The Old Stone House (OSH) is a reconstructed Dutch colonial farmhouse/historic museum located in Park Slope’s Washington Park/J.J. Byrne Playground. The playground and house restoration were first developed by Robert Moses in the 1930s, but the land surrounding the house made history long before that as the site of the 1776 Revolutionary War Battle of Brooklyn, and as a 19th Century Brooklyn Dodgers practice field.
Artists are highly encouraged to view the OSH floor plan, and visit http://theoldstonehouse.org/exhibitions/ and http://brooklynutopias.wordpress.com to see past exhibition images. You are welcome to contact Kim Maier, OSH Executive Director, directly at firstname.lastname@example.org and curator, Katie at email@example.com to make an appointment to visit the house or discuss specific installation needs.
- Works will primarily be on display in OSH’s 2nd Floor Great Room gallery, though there may be potential for site-specific work in the park outside, gardens, stairwell, or lobby.
- The Great Room is a multi-purpose space that will also be used for a variety of public and private events during the show’s run—therefore, work must be prepared to be securely hung on walls–either from masonry screws or a picture rail–or otherwise fastened to a permanent surface in the room. There is little space for 3-dimensional work indoors, though small three- dimensional installations are sometimes possible, i.e. on window sills, small shelves, the stairway landing, small pedestals, or other furniture. The concrete walls do not accommodate small nails or pins.
- We have two small and one large monitor available for video work, and a wi-fi enabled ipad for web-based displays. With some exceptions, artists are responsible for obtaining their own AV equipment. Note: we can only show a minimal amount of video work in each exhibition, given the multi-purpose nature of our space. Projection-based video is normally not feasible in our gallery, but please contact the curator if you’d like to inquire about possible exceptions to this.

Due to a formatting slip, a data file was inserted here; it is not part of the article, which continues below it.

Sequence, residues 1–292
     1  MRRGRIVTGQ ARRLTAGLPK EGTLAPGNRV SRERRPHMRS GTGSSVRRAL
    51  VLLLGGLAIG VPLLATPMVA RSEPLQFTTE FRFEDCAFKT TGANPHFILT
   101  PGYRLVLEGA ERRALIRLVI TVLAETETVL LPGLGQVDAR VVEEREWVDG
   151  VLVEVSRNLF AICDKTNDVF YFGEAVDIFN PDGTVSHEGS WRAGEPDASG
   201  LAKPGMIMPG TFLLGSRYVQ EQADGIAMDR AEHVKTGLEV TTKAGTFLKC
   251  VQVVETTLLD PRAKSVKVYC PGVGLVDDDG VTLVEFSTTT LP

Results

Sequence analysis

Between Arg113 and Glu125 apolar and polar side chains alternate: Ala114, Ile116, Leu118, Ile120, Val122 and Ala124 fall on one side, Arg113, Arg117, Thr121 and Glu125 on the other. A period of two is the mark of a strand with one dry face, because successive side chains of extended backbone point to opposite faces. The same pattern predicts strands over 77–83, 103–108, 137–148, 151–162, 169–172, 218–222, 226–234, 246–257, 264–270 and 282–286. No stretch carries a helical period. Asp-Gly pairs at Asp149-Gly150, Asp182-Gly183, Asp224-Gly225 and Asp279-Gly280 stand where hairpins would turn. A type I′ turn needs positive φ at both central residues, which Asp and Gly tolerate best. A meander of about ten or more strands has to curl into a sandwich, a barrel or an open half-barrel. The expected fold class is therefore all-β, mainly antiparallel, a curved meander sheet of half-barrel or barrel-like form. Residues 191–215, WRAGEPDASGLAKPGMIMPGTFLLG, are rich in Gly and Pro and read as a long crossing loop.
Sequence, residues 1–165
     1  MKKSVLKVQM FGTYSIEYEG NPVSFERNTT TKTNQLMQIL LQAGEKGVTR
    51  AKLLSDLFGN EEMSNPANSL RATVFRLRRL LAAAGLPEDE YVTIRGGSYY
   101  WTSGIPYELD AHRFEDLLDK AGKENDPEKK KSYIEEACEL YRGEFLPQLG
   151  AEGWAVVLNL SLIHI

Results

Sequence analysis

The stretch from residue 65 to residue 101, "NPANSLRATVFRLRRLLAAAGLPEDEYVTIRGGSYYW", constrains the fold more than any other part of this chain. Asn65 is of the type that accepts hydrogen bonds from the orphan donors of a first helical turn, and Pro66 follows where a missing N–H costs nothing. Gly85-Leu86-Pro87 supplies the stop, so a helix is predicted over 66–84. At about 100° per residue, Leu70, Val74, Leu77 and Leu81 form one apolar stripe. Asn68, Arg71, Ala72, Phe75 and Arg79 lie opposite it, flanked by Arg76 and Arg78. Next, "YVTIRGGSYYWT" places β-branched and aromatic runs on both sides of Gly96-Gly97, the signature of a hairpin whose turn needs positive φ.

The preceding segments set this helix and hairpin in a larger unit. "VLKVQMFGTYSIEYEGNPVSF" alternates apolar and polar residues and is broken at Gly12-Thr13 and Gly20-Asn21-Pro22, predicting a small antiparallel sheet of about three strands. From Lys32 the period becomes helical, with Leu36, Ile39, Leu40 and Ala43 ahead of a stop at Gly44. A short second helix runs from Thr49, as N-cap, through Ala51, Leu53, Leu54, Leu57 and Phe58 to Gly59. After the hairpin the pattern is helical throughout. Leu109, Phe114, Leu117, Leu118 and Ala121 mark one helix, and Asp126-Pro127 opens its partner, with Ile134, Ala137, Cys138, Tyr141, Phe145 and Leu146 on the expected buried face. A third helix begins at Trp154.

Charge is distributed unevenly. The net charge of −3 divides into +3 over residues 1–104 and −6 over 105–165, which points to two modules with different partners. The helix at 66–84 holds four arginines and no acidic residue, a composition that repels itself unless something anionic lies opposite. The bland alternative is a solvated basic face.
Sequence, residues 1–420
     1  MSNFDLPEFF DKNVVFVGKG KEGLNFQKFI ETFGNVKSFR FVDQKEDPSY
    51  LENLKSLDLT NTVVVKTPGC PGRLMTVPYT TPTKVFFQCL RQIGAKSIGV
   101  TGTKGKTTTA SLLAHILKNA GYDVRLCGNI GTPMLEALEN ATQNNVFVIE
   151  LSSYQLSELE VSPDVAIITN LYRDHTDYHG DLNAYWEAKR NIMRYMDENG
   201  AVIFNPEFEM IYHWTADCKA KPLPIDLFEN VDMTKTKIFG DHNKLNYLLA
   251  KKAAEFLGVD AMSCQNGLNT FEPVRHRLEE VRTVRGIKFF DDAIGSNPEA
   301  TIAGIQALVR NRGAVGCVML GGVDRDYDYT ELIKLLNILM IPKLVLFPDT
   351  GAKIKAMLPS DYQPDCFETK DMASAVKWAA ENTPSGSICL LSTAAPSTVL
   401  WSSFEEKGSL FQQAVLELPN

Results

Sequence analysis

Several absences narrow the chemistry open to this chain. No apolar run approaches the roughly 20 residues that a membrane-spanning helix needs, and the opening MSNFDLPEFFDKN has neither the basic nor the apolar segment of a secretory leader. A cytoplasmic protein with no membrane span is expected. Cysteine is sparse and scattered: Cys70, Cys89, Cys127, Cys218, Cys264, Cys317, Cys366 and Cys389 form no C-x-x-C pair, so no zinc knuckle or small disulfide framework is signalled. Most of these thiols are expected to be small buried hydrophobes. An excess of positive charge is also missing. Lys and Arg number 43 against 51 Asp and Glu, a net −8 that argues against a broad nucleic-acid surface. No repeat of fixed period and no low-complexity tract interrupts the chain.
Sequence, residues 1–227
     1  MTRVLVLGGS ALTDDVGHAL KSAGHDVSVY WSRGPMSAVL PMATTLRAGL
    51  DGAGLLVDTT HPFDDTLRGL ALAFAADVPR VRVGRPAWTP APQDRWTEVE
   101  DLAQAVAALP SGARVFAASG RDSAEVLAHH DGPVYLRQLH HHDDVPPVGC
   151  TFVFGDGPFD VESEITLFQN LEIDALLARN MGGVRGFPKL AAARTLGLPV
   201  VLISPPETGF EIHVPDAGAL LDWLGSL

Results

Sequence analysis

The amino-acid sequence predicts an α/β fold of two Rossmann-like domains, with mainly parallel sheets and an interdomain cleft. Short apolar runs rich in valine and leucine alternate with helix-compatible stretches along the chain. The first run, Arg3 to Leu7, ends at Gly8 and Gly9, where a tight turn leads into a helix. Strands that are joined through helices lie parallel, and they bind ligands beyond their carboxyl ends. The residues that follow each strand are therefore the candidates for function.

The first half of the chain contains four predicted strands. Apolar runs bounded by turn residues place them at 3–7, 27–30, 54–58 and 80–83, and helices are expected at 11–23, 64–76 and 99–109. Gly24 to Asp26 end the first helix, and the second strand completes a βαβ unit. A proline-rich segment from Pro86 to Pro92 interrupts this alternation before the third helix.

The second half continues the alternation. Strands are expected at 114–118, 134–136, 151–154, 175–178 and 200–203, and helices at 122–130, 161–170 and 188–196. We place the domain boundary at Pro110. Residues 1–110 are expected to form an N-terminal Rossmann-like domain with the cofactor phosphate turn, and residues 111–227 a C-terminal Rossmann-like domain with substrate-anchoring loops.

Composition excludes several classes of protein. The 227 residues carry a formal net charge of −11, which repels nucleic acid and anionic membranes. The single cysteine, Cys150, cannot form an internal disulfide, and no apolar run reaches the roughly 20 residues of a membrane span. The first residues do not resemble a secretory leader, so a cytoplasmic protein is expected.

- Outdoor work will be exhibited within 100 feet of the Old Stone House, and must be in keeping with Parks Department specifications for public art. Such projects should be discussed in advance with OSH Executive Director Kim Maier. Please note outdoor projects are vulnerable to both harsh weather conditions, and theft or vandalism as the park cannot provide 24-hour security.
- When considering the work keep in mind that OSH works with many school groups; therefore, proposals should reflect the audience. For example, we do not encourage graphic nudity, violence, or profanity, though exceptions to this can be discussed. If creating a 3D piece, it is best to work with materials that can withstand being handled.
- Note: OSH is unable to insure the artwork
Artists are encouraged to submit a monument they would like to reimagine, or they may choose from the following sites:
Slave Market – Wall St between Pearl and Water
Colored Orphan Asylum – Fifth Avenue between 42nd and 43rd Street
The Wall at Wall St – built by enslaved men and boys to protect the Dutch from the Lenape
South Street Seaport – disembarkation point from ships for enslaved Africans
American Museum of Natural History – Theodore Roosevelt equestrian statue
National Museum of the American Indian – The Four Continents sculptures by Daniel Chester French
Black Panther Party Offices – See map of locations here.
Young Lords Offices – The offices in East Harlem – Or the First Spanish Methodist Church (See December 1969 for info on the church occupation.)
Christopher Columbus – Columbus Circle